It’s a Coup. Just Say It!
Political science types have a word for every happening. One is the Overton Window. Like lots of these terms, it is not too scientific, but it well describes things observed every day.
For instance, the idea that an eight-year-old boy decides to be a girl, because he feels like it, and is then medicated with hormone therapy to look as close to a girl as science enables was once a preposterous idea. Then it was possible, then probable, and now, voilà! A boy is now a girl, and if you use the wrong pronoun, you lose your job!
Meet the Overton Window: that period of time when something seemingly quite impossible becomes mainstream.
This is a game two can play.
Say it: “This is not just election fraud, it is a coup.”
Say it, and it will start to sink in. As it does, at least for you, your Overton Window opens up. The impossibility that the election of the president of the United States of America can be overthrown by preprogrammed, organized election fraud — that a likely landslide was turned into a loss — happened. You saw it.
That window is about to open up for our nation.
What’s a coup feel like?
We are all accustomed to seeing tanks around a white palace and palm trees. Lots of them. The streets are quiet and the means of communication controlled by the new junta types. There are corpulent generals with white uniforms and lots of medals. That seems to be our picture.
This week may be the first time a sophisticated modern society had a coup. There, I said it again. Not so startling after you read it a couple of times.
A modern-day coup, where Big Media, Big Tech, a political party, and likely the intelligence agencies gather to change vote counts, both electronically and physically, has much the same result without the tanks and fat generals in white uniforms. The first result is that everyone, or about everyone knows it was a coup. They don’t use that word as it does have an edge to it.
Some stay silent in collaboration. Some do not want to be singled out. Some protest. Many benefit. Most just acquiesce.
Coups sound really cool to the people who instigate them — in this case, those noted above. They justify it in their end-justifies-the-means minds and move on.
It works in third-world countries because for them, there is no tomorrow. The armed forces just mandate compliance, and life moves on.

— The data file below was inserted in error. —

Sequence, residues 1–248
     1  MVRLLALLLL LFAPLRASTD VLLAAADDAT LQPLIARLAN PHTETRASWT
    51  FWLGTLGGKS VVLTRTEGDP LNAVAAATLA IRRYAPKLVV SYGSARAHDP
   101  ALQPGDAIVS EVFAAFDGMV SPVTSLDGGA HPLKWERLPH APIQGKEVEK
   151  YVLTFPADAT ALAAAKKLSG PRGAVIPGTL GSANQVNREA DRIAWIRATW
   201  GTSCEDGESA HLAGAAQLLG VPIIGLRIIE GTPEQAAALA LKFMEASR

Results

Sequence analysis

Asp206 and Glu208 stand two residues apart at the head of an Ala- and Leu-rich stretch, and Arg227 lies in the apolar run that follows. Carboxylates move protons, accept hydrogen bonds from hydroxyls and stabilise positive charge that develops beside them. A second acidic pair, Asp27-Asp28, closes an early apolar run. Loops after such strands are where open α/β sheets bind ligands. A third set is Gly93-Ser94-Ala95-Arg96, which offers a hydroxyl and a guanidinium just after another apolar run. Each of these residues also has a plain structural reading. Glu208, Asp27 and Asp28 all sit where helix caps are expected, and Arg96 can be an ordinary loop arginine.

In a sophisticated society like ours, that is a little stickier. Let’s go there.
Overwhelming evidence has already come out about institutional voter fraud — for example, here and here.
You will see many more math geeks showing that there was massive voter fraud, and you will not see a single deeply researched math person saying their math is wrong. That’s important.
OK, you met Overton above. Meet Occam.
Occam’s razor is the name given to a critical thought shortcut, which dates back to the Middle Ages, saying that when you are looking at a really complicated problem, for which there are many causes, the simplest explanation is likely to be the correct one.
Our pal Occam describes how people come to reason through a problem. Americans, particularly 71 million of them, see all the complicated stuff about voter fraud yet see that it isn’t that complicated at all. Votes were stolen from Trump by many means. They read articles like the two above.
Applying critical thought, let’s bring in another old, dead white guy, Bayes. Bayes was an 18th-century reverend who had a thing or two to say about how people reason. Bayes’s Theorem measured something like this: if someone knows something with incomplete information, when more information comes in, this happens. “This” is how new info impacts the person’s conclusion.
Well, folks, let’s just sit down at the poker table with Occam, Overton, and Bayes. Together they conclude that as more information appears about organized election fraud, people’s conclusions are likely to move from “election anecdotes” to “election fraud” to “WTF, this was a coup!”
Some of us are already there.
Why is this important?
As long as we continue to screw around, acting as though we are dealing with voter fraud rather than an organized coup, we are playing their game — the fat generals in Big Media and the coup-instigators. When we start calling this event what it is, a coup, we impact everyone’s Overton Window.
Want to have great fun? Just watch the Chris Wallace and media types go wild when we say “coup.”
When one is in the middle of a historic event, one does not know it. Seems like just another day. In hindsight, wow, I was there! I saw our country fake the vote and put an early dementia patient in the president-elect column.
The question for us all is how this story ends. We were there. We were at the axis of history.
What did we do?
It’s a coup.